The Supreme Court will soon rule on DOMA and Proposition 8. I hope the highest court will find some higher common denominator, a higher sense of our common humanity, when their majority rules. Whether we’re at the emergency room or the swimming pool, paying taxes or buying Christmas presents, adopting a child or bringing home a rescued pet,  sealing our vows in church or going along with the fun at the minor league game let us be ordinary people.

We’re sitting right next to you.


(Cross-posted at There Is Power in the Blog.)

Gospel of John, LGBT, Pentecost

You can’t handle it now

There’s a lot of ugly talk out there. There’s a lot of ugly talk by Christians about LGBT people. It pains me.

Even before it felt so personal, it would have pained me.

I’m still learning how different it feels when the words apply to me as well as lots of people I love and plenty of people I don’t even know and even a few I don’t like, but for reasons having nothing to do with the fact about their lives and mine that puts us in the middle of a cultural flash-point.

And in case you think I’m exaggerating, I’m not. When a preacher stands up in a church and suggests that gay people be enclosed in electrified fences, as a way to get rid of them since they can’t reproduce, so surely they will eventually all die off…well, it is such a collision of ignorance and fear and bigotry that I finally understand in a visceral way the meaning of homophobia.

I had the luxury of parsing the word, before, you see.

Here’s Jesus speaking to his disciples, from the Farewell Discourse:

“I have much more to say to you, but you can’t handle it now.  However, when the Spirit of Truth comes, he will guide you in all truth. He won’t speak on his own, but will say whatever he hears and will proclaim to you what is to come.” (John 16:12-13, CEB)

You can’t handle it now.

That’s what I want to say to the preacher in North Carolina:

The little mama skunk in my backyard

Dear Brother in Christ,

In my backyard there is a family of skunks. I live in the middle of a densely populated neighborhood. The single-family houses are close together. If one of us has skunks, all of us have skunks. Friends with a more rural mindset have suggested shooting the skunk, which would be illegal in my city, and also not something  would ever consider doing or be able to do. But we can’t live together, so there are traps in my backyard, and I have the number of the nice man who will come and take the skunks away if they follow the bait of marshmallows and end up with the trap door closing behind them.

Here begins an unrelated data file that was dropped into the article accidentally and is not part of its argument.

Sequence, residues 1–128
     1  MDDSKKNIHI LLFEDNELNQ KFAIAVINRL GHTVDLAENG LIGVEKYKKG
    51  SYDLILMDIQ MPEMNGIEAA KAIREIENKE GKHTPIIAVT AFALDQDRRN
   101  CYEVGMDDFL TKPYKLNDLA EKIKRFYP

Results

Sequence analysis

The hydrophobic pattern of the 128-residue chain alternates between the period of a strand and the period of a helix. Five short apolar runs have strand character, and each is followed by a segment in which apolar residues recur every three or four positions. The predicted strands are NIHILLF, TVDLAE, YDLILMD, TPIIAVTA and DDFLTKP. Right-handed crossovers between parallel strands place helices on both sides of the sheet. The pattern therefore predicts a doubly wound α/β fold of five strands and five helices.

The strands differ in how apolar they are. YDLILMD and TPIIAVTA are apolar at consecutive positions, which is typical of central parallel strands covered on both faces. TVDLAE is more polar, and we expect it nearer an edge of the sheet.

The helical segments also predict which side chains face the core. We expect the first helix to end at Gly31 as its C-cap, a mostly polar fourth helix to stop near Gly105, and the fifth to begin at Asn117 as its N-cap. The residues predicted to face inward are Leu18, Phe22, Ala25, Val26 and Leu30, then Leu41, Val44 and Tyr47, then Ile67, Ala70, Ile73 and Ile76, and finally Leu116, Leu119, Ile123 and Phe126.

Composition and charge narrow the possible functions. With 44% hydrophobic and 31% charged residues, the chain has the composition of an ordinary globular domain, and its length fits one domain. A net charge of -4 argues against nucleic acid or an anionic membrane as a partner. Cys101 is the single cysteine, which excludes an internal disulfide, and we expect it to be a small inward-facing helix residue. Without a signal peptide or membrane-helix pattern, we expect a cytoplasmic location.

I really wish we could live in peace together. They eat pests and are rather adorable, although I never imagined I would be saying that and seeing one up so close. But I have a large dog who needs his small backyard, and I have neighbors, as I mentioned before. So if all goes well, the skunks will be relocated. Because the mother would abandon her young if set free, they’ll go to a place where they are kept together until the babies are weaned, and only then will they all be released into the wild. 

I have suffered in mind and heart over the fate of the skunks. Right now the cages are in my yard, empty, and I do not know what I will find in the morning. I guess I hope she’ll catch a hint and move her family, but more likely in a day or two, I’ll be calling the nice man to tell him the mama is in the trap, and he’ll come look for the babies, and this will become a story I tell later, in which I remind myself that in a difficult situation, in which we cannot all share the same space, I did the best I could for the skunk family.

And I compare that to the way you would like to treat human beings, and I cannot understand how it is we claim the same Lord, the one who loved us so much that he laid down his life for us, the one who said over and over again that people would know us as his followers by how we love others.